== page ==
Why Ferrari’s ‘fans poll’ findings can’t be trusted

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Fernando Alonso, Ferrari, Albert Park, 2014According to Ferrari, 83% of fans are unhappy with the new Formula One rules.

Ferrari say fans “dismiss it mainly because of the drivers being forced to lift off to save fuel” and also because “the fans don’t like the noise from the new engines and are confused by rules that are too complicated”.

Ferrari have drawn these conclusions from a poll which they have run on their website for the past few weeks. However the data is untrustworthy, the procedure used to collect it is flawed, and the conclusions Ferrari have drawn from it are highly spurious.

The poll asked the question “Do you like this new Formula 1?” and presented respondents with the options “Yes” and “No”.

Nowhere in the poll did Ferrari ask about the impact of the fuel rules, the noise of the engines or the complexity of the new formula. The poll results give Ferrari no justification for asserting that fuel conservation, noise or complexity are why those who responded are criticising the sport.

The poll options also did not ask how strongly fans hold their views. Professional polling organisations use five- or seven-point scales to gauge how deeply people care about particular subjects.

F1 Fanatic often adopts a similar approach. To take engine noise as an example, here’s the outcome if you invite F1 fans to indicate the strength of their views on this aspect of Formula One in 2014:

The mechanism of Ferrari’s poll is also suspect. It seems no steps were taken to guard against one person voting multiple times – a common problem with online polls, and the reason why F1 Fanatic requires user registration for participation in votes.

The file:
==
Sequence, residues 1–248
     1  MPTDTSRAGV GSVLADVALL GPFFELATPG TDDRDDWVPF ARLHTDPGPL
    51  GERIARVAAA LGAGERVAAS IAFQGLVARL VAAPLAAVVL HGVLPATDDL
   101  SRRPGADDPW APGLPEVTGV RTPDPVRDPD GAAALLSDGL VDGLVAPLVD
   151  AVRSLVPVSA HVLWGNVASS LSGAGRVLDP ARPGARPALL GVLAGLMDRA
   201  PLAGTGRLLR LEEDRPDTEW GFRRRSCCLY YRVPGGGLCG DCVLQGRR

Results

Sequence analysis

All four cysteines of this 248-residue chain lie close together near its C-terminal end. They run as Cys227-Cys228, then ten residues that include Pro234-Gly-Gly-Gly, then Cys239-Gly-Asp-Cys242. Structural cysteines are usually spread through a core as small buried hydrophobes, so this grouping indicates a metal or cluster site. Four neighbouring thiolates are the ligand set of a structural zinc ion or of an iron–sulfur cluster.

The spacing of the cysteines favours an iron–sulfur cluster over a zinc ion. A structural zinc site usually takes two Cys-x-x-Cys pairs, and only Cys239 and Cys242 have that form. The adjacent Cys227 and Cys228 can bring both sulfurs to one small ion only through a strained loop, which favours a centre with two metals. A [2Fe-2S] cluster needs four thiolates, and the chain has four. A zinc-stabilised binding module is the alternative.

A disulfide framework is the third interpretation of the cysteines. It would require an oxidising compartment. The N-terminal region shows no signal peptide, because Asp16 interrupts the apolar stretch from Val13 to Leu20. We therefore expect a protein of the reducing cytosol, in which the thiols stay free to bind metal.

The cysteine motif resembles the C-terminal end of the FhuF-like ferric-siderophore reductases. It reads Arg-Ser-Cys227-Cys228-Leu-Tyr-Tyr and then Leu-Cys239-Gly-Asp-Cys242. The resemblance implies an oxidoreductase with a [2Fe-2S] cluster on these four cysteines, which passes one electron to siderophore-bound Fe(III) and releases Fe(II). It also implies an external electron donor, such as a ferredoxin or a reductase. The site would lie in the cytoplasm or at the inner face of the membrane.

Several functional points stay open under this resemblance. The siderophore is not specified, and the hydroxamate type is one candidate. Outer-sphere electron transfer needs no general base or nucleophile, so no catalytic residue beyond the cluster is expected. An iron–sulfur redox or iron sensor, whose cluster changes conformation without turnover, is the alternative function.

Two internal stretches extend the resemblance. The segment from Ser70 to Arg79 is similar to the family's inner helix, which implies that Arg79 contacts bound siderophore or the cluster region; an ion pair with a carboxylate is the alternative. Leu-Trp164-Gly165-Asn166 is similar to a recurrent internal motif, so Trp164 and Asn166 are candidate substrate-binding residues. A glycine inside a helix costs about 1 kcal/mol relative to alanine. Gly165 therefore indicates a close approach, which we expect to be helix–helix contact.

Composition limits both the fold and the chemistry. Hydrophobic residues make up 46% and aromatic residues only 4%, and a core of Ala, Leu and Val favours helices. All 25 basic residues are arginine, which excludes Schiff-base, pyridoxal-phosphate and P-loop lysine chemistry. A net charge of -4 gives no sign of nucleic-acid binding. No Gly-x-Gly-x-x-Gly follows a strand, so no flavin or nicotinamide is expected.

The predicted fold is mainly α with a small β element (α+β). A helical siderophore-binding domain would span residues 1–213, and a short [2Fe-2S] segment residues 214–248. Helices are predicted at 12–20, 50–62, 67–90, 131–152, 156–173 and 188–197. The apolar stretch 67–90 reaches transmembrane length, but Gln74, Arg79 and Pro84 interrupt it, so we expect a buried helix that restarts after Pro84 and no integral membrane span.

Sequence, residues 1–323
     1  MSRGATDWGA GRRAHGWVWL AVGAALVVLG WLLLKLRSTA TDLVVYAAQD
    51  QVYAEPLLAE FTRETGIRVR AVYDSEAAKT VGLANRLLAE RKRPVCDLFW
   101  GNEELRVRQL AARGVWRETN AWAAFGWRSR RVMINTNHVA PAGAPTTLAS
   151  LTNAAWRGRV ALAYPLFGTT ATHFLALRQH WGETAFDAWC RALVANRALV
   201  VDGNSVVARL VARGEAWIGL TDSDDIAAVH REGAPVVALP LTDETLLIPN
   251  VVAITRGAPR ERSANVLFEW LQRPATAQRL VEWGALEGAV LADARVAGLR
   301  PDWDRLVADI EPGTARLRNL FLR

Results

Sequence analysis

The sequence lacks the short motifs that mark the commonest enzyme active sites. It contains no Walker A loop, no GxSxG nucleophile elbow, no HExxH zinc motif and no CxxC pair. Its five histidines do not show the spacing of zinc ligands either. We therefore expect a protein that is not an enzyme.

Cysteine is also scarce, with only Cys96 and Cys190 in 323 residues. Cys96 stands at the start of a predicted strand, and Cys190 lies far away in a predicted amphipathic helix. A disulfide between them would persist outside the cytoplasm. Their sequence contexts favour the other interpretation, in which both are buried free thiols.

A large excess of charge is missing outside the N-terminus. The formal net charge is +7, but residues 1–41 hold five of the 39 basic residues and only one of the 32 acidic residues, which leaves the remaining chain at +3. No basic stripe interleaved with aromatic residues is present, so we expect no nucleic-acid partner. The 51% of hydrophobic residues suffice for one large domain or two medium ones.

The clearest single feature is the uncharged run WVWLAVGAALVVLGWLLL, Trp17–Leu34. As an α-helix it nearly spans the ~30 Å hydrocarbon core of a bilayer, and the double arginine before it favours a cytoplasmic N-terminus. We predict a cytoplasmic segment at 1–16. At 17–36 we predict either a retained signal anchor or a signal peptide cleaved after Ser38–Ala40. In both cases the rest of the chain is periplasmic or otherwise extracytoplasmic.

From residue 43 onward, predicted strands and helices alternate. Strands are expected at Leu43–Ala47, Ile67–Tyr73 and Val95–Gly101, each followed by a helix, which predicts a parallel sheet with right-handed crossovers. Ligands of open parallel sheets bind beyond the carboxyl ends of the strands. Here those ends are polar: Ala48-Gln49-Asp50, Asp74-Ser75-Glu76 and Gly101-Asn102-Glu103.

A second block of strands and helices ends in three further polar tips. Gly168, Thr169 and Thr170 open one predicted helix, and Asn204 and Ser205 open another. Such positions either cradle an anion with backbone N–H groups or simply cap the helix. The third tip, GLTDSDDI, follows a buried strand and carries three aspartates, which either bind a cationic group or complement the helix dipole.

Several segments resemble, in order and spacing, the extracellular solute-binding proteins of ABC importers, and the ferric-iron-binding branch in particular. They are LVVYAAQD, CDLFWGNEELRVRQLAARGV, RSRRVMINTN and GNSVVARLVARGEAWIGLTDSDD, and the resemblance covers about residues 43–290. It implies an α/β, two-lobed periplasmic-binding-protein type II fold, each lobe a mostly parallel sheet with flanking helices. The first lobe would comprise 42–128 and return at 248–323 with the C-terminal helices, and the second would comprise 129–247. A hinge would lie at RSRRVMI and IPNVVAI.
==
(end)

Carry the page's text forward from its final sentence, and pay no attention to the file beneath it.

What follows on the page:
Ferrari themselves noted a large swing towards the ‘no’ vote after the Malaysian Grand Prix. They believe it was because fans were turned off by the race, but it might just as easily have been the work of one motivated person with the technical aptitude to clear the very low hurdle to manipulating the poll. Simply visiting the page using different browsers was enough to make your opinion count more than once.

We should also consider the make-up of the audience of Ferrari’s website. Is this a group of fans who predominantly watch Formula One out of their passion for the sport, or out of their devotion to Ferrari?

There’s nothing wrong with having a favourite team or driver. But a poll question as crude as “Do you like this new Formula One?” hardly invites respondents to make a distinction between liking a result and liking a race.

It would not be too much of a stretch to suggest the responses mainly came from Ferrari fans whose enjoyment of a race is largely determined by how well the two red cars performed. Had Fernando Alonso and Kimi Raikkonen won the first two races instead of Nico Rosberg and Lewis Hamilton, we would have seen a very different result.

None of this is to say that there may not be legitimate concerns over the quality of the first two races of the season, nor that some fans haven’t expressed concerns over some of the same issues Ferrari have raised.

But Ferrari’s poll tells us next to nothing of use in this discussion. Responses to that question cannot distinguish between whether F1 fans are objecting to the noise, fuel saving, double points or Lewis Hamilton’s haircut.

It comes as no surprise Ferrari have published the results while Luca di Montezemolo is lobbying Bernie Ecclestone to make urgent changes to the sport four days after Ferrari finished behind their Mercedes and Renault-powered rivals in Malaysia. Seen in that context, this is a cynical attempt by Ferrari to hijack the debate over the state of Formula One and make a false claim to act as the voice of F1 fans in an attempt to bring in rules changes which will be favourable to them.